On the Terrorist Attack in Istanbul

Halim Rane*

Istanbul, January 17, 2016 (Alochonaa):  I wanted to say a few words about the attack here in Istanbul mainly to highlight the difference between how people here and people in the West respond to such incidents. I also want to point out how the media representation differs from reality.

People are saddened by the attack but they are resilient and life returns to normal very quickly. The only area that was closed was the immediate vicinity of where the attack occurred. Walk one minute from there and everything is open, life is normal. Restaurants, bars and cafes were all open yesterday and last night. As many people as usual were out and about.

People here do not see the attack as one against them personally or their way of life. They put it in perspective. They do not return to work or go out to eat in the area as a courageous show defiance or a stand against the terrorists. They don’t give the terrorist that much significance.

Most people here don’t think the target was Western tourists per se or German tourists in particular. Although the area is frequented by tourists, the particular spot where the detonation occurred is one of the less crowded parts. It was a very soft target where security personnel are not usually stationed.

To be honest, the locals do not seem to dwell on the issue too much. They see the deaths of people as very tragic but life goes on. Most people in this area are concerned about how the incident will impact on their livelihood. Tourism is already down due to the war over the border in Syria, ongoing PKK issues and the strained relations with Russia.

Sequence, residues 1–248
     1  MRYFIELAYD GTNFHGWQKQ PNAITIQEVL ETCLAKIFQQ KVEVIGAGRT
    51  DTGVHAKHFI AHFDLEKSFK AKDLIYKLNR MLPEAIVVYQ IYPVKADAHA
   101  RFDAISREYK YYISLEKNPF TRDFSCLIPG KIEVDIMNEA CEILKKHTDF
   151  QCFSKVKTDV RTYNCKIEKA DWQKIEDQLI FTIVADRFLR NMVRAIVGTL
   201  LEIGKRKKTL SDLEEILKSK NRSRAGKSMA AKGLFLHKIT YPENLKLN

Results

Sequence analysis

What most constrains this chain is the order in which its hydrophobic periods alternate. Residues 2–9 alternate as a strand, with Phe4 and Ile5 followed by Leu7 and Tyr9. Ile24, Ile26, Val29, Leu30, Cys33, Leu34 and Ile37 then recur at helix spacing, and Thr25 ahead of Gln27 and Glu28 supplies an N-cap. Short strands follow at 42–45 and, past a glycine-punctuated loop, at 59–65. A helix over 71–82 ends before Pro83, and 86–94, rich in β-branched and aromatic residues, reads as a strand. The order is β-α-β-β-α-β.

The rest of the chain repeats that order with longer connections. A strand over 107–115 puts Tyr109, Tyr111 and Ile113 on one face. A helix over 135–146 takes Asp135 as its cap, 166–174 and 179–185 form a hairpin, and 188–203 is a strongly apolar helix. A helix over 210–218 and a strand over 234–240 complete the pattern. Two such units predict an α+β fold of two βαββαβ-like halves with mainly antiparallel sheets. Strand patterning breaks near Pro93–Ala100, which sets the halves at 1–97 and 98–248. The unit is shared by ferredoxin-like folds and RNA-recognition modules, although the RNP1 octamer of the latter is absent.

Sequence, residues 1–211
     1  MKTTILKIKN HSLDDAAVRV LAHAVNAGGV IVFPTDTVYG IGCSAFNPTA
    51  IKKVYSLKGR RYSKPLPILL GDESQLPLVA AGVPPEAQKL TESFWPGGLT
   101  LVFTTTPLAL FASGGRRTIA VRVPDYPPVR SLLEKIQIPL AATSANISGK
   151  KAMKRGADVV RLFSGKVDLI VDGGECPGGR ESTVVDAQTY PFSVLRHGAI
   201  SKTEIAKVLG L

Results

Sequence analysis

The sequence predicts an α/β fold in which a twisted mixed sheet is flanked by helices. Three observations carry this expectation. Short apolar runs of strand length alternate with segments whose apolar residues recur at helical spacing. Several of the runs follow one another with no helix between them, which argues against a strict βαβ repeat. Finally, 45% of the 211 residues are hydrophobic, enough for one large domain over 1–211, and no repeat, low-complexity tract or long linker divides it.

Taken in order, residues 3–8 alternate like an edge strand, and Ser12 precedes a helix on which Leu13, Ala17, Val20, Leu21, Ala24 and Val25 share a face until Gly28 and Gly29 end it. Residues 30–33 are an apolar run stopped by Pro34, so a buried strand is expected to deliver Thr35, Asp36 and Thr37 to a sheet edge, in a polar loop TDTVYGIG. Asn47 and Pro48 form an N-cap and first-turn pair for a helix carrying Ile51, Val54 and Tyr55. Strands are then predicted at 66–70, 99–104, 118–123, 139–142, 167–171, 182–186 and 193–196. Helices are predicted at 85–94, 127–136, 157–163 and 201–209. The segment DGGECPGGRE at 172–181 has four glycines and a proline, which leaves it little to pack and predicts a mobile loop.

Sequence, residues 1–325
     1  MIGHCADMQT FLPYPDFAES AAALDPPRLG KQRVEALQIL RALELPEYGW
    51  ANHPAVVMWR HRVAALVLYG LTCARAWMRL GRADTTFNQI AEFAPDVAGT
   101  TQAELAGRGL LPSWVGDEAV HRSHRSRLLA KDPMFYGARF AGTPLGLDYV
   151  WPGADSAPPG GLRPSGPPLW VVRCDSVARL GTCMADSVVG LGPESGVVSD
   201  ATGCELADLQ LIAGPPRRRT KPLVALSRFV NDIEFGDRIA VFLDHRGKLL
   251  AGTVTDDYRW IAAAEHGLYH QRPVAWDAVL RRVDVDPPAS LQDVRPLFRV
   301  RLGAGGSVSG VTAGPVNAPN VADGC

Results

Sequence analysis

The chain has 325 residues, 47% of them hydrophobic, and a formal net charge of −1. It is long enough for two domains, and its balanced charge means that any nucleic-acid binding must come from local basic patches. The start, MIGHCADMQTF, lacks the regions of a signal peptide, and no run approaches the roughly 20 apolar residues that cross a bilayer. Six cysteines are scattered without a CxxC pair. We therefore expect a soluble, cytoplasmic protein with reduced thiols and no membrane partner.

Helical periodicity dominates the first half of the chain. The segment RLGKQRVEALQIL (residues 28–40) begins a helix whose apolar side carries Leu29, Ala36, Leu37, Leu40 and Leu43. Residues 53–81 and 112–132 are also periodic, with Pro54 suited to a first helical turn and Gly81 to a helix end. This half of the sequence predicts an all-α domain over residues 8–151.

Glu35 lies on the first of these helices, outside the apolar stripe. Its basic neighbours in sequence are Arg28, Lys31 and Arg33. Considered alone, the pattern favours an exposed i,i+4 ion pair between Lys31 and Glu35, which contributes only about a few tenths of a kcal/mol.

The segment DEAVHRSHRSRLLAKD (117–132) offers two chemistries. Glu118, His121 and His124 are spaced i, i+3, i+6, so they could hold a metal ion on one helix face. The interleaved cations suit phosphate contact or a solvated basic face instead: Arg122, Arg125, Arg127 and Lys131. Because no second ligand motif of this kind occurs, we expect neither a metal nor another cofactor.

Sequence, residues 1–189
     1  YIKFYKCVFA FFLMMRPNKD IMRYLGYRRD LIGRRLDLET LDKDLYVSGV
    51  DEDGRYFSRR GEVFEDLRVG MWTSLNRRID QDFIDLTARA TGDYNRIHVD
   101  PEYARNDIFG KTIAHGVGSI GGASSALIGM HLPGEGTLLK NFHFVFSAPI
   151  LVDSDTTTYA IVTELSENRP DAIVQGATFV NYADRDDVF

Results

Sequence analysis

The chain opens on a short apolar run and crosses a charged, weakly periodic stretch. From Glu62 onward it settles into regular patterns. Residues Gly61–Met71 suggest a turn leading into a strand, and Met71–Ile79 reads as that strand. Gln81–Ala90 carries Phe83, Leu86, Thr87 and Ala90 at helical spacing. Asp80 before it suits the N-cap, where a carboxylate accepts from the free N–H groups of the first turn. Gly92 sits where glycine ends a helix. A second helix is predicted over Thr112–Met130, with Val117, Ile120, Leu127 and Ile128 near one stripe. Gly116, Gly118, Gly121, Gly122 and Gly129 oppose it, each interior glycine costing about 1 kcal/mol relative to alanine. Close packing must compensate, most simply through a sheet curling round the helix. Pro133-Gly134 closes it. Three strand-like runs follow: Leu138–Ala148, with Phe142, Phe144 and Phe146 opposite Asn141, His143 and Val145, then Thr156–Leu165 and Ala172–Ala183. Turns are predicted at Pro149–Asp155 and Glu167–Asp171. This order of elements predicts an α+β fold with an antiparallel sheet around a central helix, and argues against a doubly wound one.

I’m seeing the typical social media posts about ‘standing with Istanbul’, ‘pray for Istanbul’, blah, blah, blah. Istanbul is not afraid of terrorists. It understands why they exit and wants an end to the conditions that create terrorists, refugees, suffering and misery.

*Halim Rane is an Associate Professor of Islam-West Relations in the School of Humanities at Griffith University. His latest book (written with Jacqui Ewart and John Martinkus) is Media Framing of the Muslim World: Conflicts, Crises and Contexts

**He was named as the best university teacher of Australia by the Federal Government in 2015


** is not responsible for any factual mistakes (if any) of this analysis. This analysis further is not necessarily representative of’s view. We’re happy to facilitate further evidence-based submissions on this topic. Please send us your submission at

Categories: IR

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